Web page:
Is Kevin Pietersen’s book worth buying?

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We didn’t get a review copy of KP: The Autobiography. Apparently it was already getting enough attention without a review appearing here in about six months’ time.

We wonder whether we need to read it. The two-page email from Rahul Dravid about how to play spin that features within it sounds interesting, but as far as we can make out, the book’s mostly all about the run-up to his sacking (KP’s, not Dravid’s – who’d sack Dravid from anything?). We felt like we’d pretty much got all of that information after an hour on Twitter yesterday.

Andy Flower’s a mood hoover. Alastair Cook’s a company man. Matt Prior refers to himself in the third person as ‘the Big Cheese’, saying things like “the Big Cheese has earned some beer tonight” (pretty sure that last one’s either a lie or Prior was saying it with great irony, but it is quite funny all the same).

What else?

The interesting stuff that might cause us to read the book falls into two categories.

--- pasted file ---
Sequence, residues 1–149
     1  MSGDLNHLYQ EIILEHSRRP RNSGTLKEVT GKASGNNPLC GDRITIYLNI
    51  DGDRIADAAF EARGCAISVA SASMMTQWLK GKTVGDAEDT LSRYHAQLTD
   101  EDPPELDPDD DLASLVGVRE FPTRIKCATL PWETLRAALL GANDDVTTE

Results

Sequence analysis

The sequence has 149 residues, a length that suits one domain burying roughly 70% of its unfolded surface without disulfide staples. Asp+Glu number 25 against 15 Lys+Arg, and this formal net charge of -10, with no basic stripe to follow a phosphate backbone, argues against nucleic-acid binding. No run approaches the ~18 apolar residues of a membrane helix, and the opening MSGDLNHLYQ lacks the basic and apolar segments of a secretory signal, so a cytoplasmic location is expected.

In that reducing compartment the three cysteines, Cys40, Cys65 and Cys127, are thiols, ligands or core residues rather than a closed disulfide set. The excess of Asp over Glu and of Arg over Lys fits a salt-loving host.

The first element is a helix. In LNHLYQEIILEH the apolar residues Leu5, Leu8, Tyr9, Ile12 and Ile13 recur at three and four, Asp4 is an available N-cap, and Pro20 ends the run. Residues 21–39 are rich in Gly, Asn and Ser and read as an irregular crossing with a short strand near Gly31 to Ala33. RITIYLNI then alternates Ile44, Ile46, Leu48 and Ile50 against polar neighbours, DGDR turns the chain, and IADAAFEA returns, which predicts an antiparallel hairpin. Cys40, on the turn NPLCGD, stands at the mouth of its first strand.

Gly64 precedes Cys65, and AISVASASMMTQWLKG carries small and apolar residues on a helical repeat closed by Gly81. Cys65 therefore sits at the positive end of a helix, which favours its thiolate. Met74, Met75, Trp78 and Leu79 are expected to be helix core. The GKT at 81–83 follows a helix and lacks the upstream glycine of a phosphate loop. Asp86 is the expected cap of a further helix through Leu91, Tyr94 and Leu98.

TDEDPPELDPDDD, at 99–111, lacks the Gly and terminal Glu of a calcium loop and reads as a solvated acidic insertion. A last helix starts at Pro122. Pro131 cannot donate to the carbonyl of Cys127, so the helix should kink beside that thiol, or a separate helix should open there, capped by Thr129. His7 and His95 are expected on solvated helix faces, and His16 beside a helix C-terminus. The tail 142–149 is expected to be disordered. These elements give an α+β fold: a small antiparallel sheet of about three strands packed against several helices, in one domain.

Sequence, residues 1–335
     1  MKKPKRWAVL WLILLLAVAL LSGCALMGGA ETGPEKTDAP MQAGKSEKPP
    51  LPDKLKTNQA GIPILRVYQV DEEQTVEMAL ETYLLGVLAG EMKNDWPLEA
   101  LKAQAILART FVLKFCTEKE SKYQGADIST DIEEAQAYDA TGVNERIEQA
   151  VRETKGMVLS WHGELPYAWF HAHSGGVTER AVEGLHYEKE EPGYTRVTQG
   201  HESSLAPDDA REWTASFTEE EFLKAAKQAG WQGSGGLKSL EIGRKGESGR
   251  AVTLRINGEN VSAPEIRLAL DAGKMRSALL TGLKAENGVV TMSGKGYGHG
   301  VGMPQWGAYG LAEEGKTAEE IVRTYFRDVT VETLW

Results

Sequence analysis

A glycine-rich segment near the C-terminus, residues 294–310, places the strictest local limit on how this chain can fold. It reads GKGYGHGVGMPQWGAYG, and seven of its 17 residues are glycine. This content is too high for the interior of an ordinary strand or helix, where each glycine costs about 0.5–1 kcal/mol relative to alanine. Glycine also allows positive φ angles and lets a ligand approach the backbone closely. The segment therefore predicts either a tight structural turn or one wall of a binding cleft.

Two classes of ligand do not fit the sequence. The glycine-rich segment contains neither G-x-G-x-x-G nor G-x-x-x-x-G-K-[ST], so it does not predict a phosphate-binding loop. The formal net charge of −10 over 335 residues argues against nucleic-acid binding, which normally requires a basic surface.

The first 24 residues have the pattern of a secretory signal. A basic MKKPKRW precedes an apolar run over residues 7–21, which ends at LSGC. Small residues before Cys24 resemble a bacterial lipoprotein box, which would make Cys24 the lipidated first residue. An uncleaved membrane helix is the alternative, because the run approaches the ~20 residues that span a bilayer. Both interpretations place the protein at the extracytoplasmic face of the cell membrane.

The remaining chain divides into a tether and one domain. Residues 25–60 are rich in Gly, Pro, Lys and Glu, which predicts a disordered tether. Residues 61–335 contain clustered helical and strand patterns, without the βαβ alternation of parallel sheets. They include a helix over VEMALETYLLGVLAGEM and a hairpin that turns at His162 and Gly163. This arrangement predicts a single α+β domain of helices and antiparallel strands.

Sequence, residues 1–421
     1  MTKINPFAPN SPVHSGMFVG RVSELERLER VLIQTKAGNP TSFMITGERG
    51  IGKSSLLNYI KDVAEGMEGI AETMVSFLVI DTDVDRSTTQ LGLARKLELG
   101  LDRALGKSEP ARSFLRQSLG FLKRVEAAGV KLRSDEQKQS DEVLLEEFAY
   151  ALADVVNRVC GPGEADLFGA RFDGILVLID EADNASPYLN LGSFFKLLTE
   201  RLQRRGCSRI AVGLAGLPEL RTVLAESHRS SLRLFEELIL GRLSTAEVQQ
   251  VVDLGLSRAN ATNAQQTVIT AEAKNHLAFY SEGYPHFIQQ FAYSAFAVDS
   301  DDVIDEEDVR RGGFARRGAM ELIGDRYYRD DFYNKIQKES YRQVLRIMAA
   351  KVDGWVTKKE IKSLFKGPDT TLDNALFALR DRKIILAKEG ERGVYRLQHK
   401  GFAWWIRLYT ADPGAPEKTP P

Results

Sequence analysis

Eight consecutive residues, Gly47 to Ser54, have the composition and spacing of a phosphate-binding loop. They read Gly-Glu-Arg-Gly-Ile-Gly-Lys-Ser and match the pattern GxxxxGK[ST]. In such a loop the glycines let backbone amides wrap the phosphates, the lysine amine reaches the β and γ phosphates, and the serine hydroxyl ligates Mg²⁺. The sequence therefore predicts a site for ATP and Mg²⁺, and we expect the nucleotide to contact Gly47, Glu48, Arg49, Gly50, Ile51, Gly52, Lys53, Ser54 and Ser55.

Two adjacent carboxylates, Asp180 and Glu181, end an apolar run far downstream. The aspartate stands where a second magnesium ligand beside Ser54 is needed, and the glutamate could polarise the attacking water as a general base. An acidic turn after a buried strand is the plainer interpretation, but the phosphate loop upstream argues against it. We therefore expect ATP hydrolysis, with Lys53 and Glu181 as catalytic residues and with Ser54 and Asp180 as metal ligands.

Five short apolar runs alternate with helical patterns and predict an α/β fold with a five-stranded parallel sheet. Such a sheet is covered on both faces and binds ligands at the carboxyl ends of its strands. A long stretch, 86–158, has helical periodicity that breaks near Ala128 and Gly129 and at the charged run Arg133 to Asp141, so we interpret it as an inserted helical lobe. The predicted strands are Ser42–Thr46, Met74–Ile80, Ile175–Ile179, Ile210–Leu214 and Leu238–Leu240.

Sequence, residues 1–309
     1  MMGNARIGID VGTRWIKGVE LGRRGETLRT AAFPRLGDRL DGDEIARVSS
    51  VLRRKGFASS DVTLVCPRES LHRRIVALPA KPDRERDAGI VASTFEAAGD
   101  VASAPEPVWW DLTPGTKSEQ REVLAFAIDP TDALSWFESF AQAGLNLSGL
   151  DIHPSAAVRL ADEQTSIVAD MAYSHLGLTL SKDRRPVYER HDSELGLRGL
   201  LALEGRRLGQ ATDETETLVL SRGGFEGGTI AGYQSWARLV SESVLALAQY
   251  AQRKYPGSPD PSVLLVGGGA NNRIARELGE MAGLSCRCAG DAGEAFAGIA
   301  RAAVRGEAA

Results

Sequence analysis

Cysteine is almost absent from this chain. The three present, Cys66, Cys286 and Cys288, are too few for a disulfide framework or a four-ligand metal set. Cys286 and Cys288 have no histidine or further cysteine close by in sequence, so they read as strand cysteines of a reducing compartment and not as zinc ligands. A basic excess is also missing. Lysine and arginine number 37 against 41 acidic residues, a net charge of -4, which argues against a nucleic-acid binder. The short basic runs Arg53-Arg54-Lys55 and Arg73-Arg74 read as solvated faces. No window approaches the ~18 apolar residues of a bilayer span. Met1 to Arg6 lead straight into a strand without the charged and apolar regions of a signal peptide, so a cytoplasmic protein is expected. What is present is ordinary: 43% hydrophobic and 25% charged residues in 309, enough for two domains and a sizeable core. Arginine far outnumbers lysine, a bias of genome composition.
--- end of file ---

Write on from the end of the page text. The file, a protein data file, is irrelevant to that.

Stuff about cricket

Like the Dravid email or the observation: “We are on the road for 250 days a year, we wear our England kit on most of these days … It never, ever ended.”

We’d like to know more about this sort of stuff, but is there really any room for it in a book that seems to spend most of its time focused on fall-outs of the recent past.

Accidental Partridge

I, Partridge: We Need To Talk About Alan – there’s a book that’s worth a read. But we also love the accidental Partridges pro sportsmen are prone to. Apparently at one point Pietersen says that most England players don’t have many friends internationally “whereas I have friends in literally every single international team,” which is a brilliantly petty piece of one-upmanship.

Sadly, we’d be surprised if his ghost writer, David Walsh, allowed much of this to get through. Having someone filter his thoughts probably means that even if Pietersen doesn’t have the brain mechanism that stops him saying such things, his words generally won’t make it as far as the printed page.

So, in summary: No, we’re probably not going to read Kevin Pietersen’s book. Now that all the best lines have been published on the nation’s sports pages, we’re just not sure there’d be enough in it that’s new to us


Mike Gatting wasn't receiving the King Cricket email when he dropped that ludicrously easy chance against India in 1993.


Why risk it when it's so easy to sign up?